Sunday, June 14, 2009

Monday Morning Rant 96

The rain on the way to Miami, OK didn’t materialize so I was able to safely go and enjoy the fellowship with the Saints there. Morris Jones came down from Independence and gave the message. After his inspiring remarks, my good wife called and I hurried home to fight the beetle invasion. She indicated a plague of biblical proportions.

A couple hours later I arrived home and remembered she had gone to her nursing duties and there were none to be seen. I looked everywhere among the flowers, bushes, trees and in the grass. I was prepared to spray the armies of pesky critters but they were absent. I double checked around the house, the hollyhocks out back, the bushes out front and anywhere else half-dollar size creatures might hide.. No success. If you are an expert at resolving social conflicts please comment and explain how I tell my wife that I did not feel compelled to spray that which I could not see. This can not end well.

Our New Car Czar

I believe we are now up to about twenty “czars” to manage the recovery of various businesses and functions of government. These officials have been the result of White House appointments which require no congressional approval. Hey, some of them even speak English. I am including the supposed remarks from one of them for your enjoyment.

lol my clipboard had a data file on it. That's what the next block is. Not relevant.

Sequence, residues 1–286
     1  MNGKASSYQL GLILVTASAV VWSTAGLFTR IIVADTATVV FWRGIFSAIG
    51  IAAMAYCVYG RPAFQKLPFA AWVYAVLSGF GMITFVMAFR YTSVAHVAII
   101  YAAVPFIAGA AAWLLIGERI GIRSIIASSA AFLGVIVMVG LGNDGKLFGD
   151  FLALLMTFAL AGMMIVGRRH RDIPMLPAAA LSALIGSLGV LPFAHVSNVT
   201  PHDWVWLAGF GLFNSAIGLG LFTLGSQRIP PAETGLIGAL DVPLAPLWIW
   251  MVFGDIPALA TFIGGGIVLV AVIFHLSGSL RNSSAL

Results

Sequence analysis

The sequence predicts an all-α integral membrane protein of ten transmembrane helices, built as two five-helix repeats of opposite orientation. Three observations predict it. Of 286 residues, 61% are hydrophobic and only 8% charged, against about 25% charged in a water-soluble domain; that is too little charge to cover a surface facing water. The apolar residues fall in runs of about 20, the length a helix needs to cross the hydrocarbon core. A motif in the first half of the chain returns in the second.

“Hi, I’m the new Chairman of GM. I don’t know anything about cars but I can guarantee you that myself and my management team of highly qualified MBA’s will interface on a daily basis with President Obama’s team to develop long-range strategies to effectively develop mutually beneficial synergies while still allowing GM to remain out-of-the-box when it comes to building brand loyalty and competitive outsourcing and business process re-engineering of our supply chain efficiencies to increase customer loyalty and targeted demand marketing pricing and advertising cost reduction implementation phase 1, 2 and 3 budget analysis factoring…”

Now don’t you feel better about all these new pricey executives?

It’s not all bad; you can now trade in your gas-guzzler for a huge tax credit against a new car purchase. I currently drive a 1993 Ford Explorer with 248,000 miles on it which would earn a $4500 tax credit since its mpg is around 18.5. The GM (Government Motors) dealers in our area are disappearing faster than Hazel’s deviled eggs at a church dinner so I have no idea where to find one. No ads appear in the local paper so that doesn’t help. As a veteran car buyer, I would be quite surprised if I could not engineer the same difference price without the trade and subsequent tax credit. Oh, I forgot; I don’t pay taxes on my retirement so I guess it doesn’t matter anyway.

Palin Wins the Pipeline Struggle

In a direct quote from the Washington Post on Friday we read: “TransCanada and Exxon Mobil, two rivals in a long-running battle over the construction of an Alaskan natural gas pipeline, have agreed to work together, and Alaska Gov. Sarah Palin, who courted TransCanada as an alternative to the big oil companies, praised the agreement.”